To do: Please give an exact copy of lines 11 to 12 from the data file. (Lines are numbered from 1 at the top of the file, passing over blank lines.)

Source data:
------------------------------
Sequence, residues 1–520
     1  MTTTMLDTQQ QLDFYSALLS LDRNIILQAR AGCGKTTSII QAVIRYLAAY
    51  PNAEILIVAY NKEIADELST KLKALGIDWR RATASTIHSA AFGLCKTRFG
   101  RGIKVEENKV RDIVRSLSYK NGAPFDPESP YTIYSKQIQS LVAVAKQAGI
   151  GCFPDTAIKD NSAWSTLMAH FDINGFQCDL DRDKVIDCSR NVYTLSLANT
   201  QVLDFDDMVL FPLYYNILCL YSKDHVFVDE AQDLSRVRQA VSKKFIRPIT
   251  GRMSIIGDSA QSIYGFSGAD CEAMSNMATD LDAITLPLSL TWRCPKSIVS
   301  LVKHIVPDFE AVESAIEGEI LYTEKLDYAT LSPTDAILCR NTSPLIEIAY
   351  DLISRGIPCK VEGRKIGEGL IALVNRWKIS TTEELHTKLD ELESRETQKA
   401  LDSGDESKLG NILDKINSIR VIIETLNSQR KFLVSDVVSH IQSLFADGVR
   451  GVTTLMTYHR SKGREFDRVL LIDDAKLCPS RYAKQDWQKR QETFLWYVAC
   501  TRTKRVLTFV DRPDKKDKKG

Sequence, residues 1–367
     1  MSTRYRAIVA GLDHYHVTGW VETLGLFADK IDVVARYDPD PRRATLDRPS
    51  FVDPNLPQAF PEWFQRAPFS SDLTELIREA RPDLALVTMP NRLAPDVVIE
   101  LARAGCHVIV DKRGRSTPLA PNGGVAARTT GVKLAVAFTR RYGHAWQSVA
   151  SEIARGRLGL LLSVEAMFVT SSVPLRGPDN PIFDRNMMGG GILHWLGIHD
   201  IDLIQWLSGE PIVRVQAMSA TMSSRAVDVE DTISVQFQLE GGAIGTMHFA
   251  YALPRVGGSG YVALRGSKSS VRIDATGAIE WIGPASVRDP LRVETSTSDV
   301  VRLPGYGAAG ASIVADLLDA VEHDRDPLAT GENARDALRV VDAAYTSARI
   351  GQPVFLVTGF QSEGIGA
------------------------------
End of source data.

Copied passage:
   451  GVTTLMTYHR SKGREFDRVL LIDDAKLCPS RYAKQDWQKR QETFLWYVAC
   501  TRTKRVLTFV DRPDKKDKKG